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Holmgren was pleased with how his two top football minds meshed.

“These guys did a marvelous job,” he said. “After working with Tom and being with Pat for a while, I have the utmost confidence in their ability to do a great job.”

Holmgren felt Heckert was able to fill the team’s needs without gambling on players.

“We picked the best player available at the time at a position without reaching,” he said. “That’s the key to a draft. If you can be solid year after year _ I don’t think spectacular, but solid year after year _ this is a solid way to do it. Then if you hit a spectacular pick, fine. But that’s the way to build a team. The beauty of it is these two fellas work very well together.

“Now, the proof is in the pudding.”

Heckert’s most daring move came Thursday, when instead of taking Alabama wide receiver Julio Jones or another highly rated player, he traded the No. 6 overall pick to Atlanta, getting the Falcons’ first-round pick, a second- and fourth-rounder this year and a first- and fourth-round selection next year.

While the decision to trade down may have disappointed some Browns fans, Holmgren felt it was not only a wise maneuver, but a necessary one for Cleveland’s future.

“It was absolutely the right thing to do for our team at this particular time,” Holmgren said. “The trade was kind of an amazing trade when you count it up. It’s what we needed.”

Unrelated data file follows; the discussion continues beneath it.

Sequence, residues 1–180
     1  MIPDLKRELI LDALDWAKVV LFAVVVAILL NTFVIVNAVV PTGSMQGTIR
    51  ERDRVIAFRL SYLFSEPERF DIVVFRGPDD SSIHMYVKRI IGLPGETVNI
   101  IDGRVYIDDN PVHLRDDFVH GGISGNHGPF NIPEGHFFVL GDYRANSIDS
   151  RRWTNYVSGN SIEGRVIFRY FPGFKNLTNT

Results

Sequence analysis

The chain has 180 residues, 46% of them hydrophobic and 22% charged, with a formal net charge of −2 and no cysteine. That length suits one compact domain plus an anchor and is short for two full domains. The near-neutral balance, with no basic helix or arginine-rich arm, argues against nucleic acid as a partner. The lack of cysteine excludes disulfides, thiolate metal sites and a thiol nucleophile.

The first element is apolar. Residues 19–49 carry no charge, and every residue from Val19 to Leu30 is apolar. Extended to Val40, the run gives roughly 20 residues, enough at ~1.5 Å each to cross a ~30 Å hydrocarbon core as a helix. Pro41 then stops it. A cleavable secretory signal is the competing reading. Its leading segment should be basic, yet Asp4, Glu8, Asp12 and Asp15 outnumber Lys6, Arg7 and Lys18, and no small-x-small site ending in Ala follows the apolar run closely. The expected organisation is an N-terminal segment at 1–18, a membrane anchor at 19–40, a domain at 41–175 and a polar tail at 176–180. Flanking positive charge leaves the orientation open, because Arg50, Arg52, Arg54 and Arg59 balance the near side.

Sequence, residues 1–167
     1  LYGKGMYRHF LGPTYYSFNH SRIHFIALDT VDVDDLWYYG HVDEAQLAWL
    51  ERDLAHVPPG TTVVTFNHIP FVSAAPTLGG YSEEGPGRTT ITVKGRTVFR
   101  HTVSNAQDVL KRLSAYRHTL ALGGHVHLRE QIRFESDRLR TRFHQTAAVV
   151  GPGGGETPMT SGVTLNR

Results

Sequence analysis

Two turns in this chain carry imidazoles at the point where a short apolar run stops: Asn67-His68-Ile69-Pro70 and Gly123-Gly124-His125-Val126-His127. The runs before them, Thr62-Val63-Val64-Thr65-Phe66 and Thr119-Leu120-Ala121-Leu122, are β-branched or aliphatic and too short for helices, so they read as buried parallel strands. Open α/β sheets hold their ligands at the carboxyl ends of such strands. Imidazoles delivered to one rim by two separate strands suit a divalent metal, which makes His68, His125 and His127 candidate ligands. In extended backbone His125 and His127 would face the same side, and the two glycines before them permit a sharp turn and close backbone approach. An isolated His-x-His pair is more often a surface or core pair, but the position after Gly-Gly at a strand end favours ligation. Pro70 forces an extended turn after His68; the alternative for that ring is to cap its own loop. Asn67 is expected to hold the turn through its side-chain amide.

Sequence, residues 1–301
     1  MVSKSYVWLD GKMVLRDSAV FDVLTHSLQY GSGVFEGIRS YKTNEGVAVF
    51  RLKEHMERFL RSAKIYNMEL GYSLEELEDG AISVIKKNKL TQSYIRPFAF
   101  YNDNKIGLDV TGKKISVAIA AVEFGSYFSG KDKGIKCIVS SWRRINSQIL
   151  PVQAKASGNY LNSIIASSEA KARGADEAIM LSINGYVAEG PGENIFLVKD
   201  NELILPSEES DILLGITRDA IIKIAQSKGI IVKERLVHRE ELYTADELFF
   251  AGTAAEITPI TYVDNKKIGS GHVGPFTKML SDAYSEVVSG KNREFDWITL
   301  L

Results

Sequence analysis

The Browns seemed particularly proud of nabbing Cameron, who began his college career on Brigham Young’s basketball team before transferring. The 6-foot-5, 250-pounder, who showed off an array of impressive dunks in a YouTube video with close friend and NBA star Blake Griffin, is raw. But he could develop into a lethal weapon in Cleveland’s new West Coast offense.

“He’s big, he’s super athletic and he’s got really good hands,” Heckert said. “This kid’s got a feel. … This guy was so head and shoulders above everybody else, that everybody was on the same page. Everybody said let’s take him. We’re happy we did.”

During the tension-filled moments when they were on the clock or discussing trades and players, Cleveland’s draft room was stress free and positive all three days. Heckert, Shurmur and Holmgren were in harmony.

“We all get along, we’re all thinking the same thing,” Heckert said. “It’s all very easy.”

There was strong disagreement over one choice _ dinner.

“They like sushi,” Holmgren said, starting a funny exchange. “I don’t like sushi. They had platters of that stuff all over the place.”

“That’s really the best part of the draft, bringing that sushi in,” Heckert said.

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